In the Mid-Atlantic, deliveries on Tetco M-3 Delivery dropped $1.06 to average $4.06, or a 87% drop in value from Monday's $31.86 average, and gas headed for New York City on Transco Zone 6 dropped $5.20 to average $4.26, a 93% decline from Monday's $56.59 average. Gas at Transco-Leidy was down 28 cents Thursday to $3.29, and deliveries to Dominion shed 37 cents to $3.43.
Other market points across the country were hit hard as well. In the Midcontinent, deliveries to Northern Natural Ventura fell 33 cents to $4.39, and Friday gas on ANR SW came in 29 cents lower at $4.14. On Oklahoma Gas Transmission, deliveries for Friday were seen at $4.13, down 24 cents, and on Panhandle Eastern Friday packages changed hands at $4.09, down 32 cents. Gas at the NGPL Midcontinent Pool fell 25 cents to $4.09.
In spite of the bone-chilling cold raking Midwest and eastern energy markets, "prices could only make it to resistance, not through resistance, and that's a pretty significant development," said Walter Zimmermann, vice president at United ICAP. "It wasn't just a cold snap, it was the coldest weather in decades in terms of its reach, it's breadth, its intensity and duration and it only reached into key resistance, which is not only a wave-count target, but the head and shoulders target was $4.54 and it got to $4.532.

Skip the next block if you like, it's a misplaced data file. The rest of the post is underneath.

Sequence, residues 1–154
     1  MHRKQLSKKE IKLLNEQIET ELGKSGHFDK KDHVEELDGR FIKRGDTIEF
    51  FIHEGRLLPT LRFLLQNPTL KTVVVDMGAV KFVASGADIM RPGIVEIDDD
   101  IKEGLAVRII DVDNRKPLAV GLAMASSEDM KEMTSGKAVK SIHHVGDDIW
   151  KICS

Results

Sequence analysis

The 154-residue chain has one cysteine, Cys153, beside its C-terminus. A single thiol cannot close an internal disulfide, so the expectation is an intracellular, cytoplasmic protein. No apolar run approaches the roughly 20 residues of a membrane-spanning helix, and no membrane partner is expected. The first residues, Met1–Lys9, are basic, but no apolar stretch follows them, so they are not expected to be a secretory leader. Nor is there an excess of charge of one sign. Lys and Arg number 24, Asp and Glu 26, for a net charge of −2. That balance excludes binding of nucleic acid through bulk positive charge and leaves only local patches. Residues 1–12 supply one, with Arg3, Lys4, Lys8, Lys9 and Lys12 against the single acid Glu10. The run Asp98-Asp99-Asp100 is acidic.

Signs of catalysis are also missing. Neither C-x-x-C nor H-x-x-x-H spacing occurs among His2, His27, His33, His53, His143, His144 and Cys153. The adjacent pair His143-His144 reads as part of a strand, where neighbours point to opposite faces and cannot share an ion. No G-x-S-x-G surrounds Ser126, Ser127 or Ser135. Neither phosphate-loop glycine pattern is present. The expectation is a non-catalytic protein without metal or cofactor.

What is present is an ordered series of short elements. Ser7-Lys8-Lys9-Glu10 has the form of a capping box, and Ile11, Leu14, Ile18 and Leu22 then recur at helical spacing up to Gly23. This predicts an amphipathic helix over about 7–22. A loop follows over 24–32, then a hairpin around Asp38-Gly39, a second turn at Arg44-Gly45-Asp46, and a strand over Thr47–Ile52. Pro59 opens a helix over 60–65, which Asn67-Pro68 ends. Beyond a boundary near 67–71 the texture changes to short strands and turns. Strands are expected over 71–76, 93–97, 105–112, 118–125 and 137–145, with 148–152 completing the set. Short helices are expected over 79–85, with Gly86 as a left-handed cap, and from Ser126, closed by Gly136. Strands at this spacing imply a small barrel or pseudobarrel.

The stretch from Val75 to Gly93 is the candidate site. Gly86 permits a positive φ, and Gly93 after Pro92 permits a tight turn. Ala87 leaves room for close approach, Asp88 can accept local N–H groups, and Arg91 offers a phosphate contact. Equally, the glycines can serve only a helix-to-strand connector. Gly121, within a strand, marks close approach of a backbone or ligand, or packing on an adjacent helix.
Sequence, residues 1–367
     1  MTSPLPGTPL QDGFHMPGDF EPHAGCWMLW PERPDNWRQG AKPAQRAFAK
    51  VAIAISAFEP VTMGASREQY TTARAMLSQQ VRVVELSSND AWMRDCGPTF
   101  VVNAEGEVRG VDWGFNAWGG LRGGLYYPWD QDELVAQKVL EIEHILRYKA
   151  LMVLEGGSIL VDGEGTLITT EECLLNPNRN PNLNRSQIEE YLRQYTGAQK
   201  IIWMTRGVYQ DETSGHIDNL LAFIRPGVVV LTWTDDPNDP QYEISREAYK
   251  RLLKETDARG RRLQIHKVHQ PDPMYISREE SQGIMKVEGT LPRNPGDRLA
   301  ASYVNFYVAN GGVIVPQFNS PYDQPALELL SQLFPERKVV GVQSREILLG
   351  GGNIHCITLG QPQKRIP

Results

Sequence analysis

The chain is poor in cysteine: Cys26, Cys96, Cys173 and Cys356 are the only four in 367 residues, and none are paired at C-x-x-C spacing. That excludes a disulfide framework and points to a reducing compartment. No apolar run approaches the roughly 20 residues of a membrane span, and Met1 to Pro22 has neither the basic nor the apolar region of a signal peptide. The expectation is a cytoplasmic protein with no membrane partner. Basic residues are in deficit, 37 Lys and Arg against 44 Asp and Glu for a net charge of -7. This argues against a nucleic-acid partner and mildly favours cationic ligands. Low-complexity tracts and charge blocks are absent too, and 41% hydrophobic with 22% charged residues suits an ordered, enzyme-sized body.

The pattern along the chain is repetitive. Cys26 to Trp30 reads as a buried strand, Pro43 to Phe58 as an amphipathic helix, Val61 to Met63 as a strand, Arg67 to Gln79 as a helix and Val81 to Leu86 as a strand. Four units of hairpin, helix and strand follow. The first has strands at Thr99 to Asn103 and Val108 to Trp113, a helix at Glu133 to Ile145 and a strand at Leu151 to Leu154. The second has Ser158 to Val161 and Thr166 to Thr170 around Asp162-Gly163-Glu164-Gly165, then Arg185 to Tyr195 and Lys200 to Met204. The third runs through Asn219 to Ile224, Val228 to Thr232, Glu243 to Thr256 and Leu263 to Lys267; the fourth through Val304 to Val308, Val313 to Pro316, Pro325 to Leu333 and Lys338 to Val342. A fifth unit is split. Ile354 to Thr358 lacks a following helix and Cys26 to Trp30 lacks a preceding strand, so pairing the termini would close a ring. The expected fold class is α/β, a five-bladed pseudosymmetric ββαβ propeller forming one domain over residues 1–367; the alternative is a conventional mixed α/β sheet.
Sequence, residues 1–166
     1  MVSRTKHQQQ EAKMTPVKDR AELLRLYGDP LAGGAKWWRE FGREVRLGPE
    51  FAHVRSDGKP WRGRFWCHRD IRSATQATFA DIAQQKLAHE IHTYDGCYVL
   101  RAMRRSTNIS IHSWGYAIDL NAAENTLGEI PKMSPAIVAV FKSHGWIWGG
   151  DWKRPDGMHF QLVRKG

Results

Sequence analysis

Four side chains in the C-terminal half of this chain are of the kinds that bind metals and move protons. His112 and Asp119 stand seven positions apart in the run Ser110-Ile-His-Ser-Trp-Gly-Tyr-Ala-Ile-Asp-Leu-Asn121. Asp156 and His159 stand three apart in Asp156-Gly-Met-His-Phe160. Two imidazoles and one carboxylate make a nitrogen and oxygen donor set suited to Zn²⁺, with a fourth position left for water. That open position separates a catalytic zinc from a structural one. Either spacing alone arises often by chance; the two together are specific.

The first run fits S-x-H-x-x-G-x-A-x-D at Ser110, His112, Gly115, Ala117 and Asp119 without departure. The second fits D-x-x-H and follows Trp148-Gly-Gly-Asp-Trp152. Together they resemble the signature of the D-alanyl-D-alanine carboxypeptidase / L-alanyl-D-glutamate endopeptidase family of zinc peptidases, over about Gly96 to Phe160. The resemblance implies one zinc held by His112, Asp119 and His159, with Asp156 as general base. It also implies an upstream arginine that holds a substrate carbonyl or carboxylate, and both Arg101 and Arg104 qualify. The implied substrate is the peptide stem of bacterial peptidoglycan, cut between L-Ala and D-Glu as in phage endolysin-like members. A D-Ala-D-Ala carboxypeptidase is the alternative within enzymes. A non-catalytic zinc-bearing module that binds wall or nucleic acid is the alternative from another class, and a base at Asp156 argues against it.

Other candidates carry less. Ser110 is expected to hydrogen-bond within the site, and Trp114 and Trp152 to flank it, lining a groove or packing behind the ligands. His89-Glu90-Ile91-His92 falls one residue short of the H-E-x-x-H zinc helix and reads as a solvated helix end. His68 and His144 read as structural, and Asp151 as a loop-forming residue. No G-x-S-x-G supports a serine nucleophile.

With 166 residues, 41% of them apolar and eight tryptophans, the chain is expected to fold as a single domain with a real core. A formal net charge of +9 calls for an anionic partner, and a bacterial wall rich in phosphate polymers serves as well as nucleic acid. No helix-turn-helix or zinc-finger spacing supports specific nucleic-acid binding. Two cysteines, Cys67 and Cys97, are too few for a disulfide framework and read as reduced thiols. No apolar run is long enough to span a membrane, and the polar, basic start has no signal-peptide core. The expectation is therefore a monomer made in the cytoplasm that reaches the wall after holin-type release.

"Now we are in a situation where we take another look at the head and shoulders neckline level and that is around the $3.83 level. That is also the 50% retracement of the whole move up from $3.129 to $4.532," said Zimmermann.
Forecaster WeatherBELL Analytics is looking for cooler near-term temperatures. Following a brief warm up, in its morning 20-day forecast within the six- to 10-day period it shows above-normal temperatures from New England extending as far south as Virginia, covering the southern Plains and California. Below-normal readings are seen from Minneapolis to Buffalo and extending as far south as central Illinois. It predicts an accumulation of 160.2 heating degree days (HDD) in the East, just slightly above the 30-year average of 158.8 HDD and well above last year's 129.4 HDD.
Recent volatile weather was translated into a wider variation than normal in the expectations for the Thursday release of storage data. According to Energy Metro Desk (EMD), "The temperature swings we've already seen, week-on-week, have set a new standard of sorts; a 25 Bcf range in forecasts is now the norm -- that is, it doesn't necessarily hint at a possible surprise out of EIA. However, the 5.8 Bcf difference between the three categories we track certainly does point to a surprise. Combine the two with some post-holiday residual funniness, and we'd say a 5-plus Bcf surprise is definitely in the cards for [Thursday]."
John Sodergreen, EMD editor, predicted a pull of 149 Bcf. Last year 191 Bcf was withdrawn, and the five-year average stands at 131 Bcf. Sodergreen contends that next week's report could push 300 Bcf.
IAF Advisors forecast a decline of 144 Bcf, and a Reuters survey of 27 observers was spot on showing an average 157 Bcf draw with a range of 137 Bcf to 230 Bcf. Bentek Energy calculated a 151 Bcf pull.
Adherents of Market Profile such as Tom Saal of INTL FC Stone in Miami said Wednesday's retreat called into play the "weekly break-down rule." It shows weakness and a test of the 50% target at $4.178. "Back years, Cal'15, Cal'17 and Cal'19, show mixed signals," Saal said in a Thursday morning note to clients.